NO CAR is perfect. If perfection were possible, Porsche engineers would be throwing themselves off buildings, en masse, which would make the world a less wonderful place.
The desire these obsessive-compulsive Germans have to get as close as possible to perfect with a new car, build it, release it, and then start work immediately on making it even better is a thing to behold, and admire.
And yet the stories coming out of the launch of the latest Cayman might have led you to believe that progress had finally peaked; that this Cayman is the ultimate expression of what a sports car can be. Indeed, Bill McKinnon, a highly respected road tester, went as far as giving this car a perfect 10 out of 10 score in another publication.
The last Cayman was, of course, pretty bloody good, but this new one is a staggering 40 percent more torsionally stiff, and is also 30kg lighter. Its track is wider, its styling is more manly and, obviously, it’s faster than ever.
Peter Robinson will tell you that its steering is not as good as it should be, thanks to the introduction of a silly, fuel-saving electric system, and it’s true that the last one was more fantastic in that department. But in every other way, this car is a big step up.
The fact is, perfect is the word that comes to mind when you drive the Cayman around a corner. There is a moment, particularly in changing direction between two bends, when the entry-level, bargain-basement Porsche seems to pivot around you, seemingly at a point just beneath your left butt cheek, and you feel a kind of mechanical purity, a moment of real magic, as the car hooks up through your hands, the g-forces push on you and everything feels just right.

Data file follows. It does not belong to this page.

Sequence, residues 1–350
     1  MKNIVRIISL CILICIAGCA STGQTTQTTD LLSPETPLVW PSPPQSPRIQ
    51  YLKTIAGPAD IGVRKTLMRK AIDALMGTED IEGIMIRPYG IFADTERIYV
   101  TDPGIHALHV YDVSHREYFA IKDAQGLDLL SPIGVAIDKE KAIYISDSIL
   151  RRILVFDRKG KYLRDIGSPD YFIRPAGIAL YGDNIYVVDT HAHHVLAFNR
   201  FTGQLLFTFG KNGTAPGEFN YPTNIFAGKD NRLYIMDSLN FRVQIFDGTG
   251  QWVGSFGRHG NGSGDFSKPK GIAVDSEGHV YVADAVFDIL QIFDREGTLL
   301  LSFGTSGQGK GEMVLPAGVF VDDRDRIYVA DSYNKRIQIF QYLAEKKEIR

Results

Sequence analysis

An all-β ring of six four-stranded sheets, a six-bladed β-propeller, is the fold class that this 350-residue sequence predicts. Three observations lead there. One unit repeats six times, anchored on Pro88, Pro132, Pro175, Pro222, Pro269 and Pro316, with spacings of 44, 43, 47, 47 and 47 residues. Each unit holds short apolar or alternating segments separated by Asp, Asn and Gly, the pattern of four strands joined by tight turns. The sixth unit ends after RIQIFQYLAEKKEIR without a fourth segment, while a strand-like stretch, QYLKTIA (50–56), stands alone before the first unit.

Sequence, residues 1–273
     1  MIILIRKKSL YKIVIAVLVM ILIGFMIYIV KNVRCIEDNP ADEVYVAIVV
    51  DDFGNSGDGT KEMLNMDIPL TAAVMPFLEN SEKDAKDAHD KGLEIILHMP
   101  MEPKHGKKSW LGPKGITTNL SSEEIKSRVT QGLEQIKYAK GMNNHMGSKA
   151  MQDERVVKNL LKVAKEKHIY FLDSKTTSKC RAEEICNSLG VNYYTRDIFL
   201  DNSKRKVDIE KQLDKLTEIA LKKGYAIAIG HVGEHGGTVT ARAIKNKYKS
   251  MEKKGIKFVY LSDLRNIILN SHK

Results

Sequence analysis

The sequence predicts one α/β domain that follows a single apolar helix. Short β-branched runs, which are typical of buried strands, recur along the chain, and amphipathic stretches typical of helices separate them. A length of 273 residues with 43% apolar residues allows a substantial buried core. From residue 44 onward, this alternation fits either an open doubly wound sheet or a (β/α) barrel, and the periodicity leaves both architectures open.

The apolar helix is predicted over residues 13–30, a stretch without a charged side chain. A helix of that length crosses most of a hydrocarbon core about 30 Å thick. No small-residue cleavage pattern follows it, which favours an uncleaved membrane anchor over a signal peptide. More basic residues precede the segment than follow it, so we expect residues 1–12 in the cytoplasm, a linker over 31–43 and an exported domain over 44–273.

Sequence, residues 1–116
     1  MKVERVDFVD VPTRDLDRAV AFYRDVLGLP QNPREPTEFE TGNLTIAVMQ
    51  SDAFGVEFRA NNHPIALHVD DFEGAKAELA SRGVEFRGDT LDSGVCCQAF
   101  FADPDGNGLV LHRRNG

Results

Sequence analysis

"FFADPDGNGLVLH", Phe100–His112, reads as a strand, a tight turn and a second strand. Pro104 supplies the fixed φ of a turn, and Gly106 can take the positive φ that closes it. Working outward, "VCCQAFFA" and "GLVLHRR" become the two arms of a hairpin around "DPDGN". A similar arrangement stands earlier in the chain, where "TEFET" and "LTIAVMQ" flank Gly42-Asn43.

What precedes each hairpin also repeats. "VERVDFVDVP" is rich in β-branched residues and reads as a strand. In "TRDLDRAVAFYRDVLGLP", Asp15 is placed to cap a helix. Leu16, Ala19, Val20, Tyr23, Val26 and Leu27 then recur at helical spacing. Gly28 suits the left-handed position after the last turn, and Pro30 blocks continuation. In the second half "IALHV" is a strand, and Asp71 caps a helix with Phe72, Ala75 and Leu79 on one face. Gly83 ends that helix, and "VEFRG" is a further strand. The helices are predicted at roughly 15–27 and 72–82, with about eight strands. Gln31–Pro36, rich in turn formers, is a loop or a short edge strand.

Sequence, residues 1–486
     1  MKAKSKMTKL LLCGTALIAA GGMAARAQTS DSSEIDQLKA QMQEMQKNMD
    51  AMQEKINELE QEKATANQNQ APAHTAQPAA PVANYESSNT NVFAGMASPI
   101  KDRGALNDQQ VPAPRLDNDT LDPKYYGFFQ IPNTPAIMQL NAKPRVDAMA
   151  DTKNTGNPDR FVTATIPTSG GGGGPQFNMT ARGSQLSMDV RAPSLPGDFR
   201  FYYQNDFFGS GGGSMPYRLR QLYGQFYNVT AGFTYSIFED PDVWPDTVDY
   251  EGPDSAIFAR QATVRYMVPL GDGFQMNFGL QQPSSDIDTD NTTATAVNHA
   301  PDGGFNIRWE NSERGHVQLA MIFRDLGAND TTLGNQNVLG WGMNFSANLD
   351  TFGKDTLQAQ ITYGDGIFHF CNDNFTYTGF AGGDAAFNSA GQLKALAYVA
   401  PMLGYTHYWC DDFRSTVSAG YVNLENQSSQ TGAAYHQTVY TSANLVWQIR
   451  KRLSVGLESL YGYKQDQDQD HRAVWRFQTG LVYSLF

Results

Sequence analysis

There are few cars that can deliver that moment and the mid-engined balance of the Cayman makes it, in some few ways at least, even more magical than the big brother – and admittedly more exciting overall – 911.
Throw in a manual gearbox that’s better than any other car currently in production, a brilliant dual-clutch option, brakes that offer both feel and force, and you’ve got one hell of a package.
Only the price really costs the Cayman when it comes to giving it a perfect score. At $107K, it’s less than it has been before, but still feels like more than it should be, particularly compared to what people buy them for overseas.
What is truly incredible, of course, and truly wonderful, is that right now, a team of people in Germany are working to make the next one even better. Bring it on.
How are you finding our new site design? Tell us in the comments below or send us your thoughts at firstname.lastname@example.org.
Get your monthly fix of news, reviews and stories on the greatest cars and minds in the automotive world.
A close look at the new Mercedes-Benz W206 C-Class
The fifth-generation C-Class is set to break new ground for Mercedes’ most popular model
The 31 hottest cars coming in 2021
The cars we hope will put 2020 firmly in the rear vision mirror
Do the Audi e-tron's virtual mirrors actually work?
Are virtual mirrors tech for tech's sake or do they actually bring useful advances?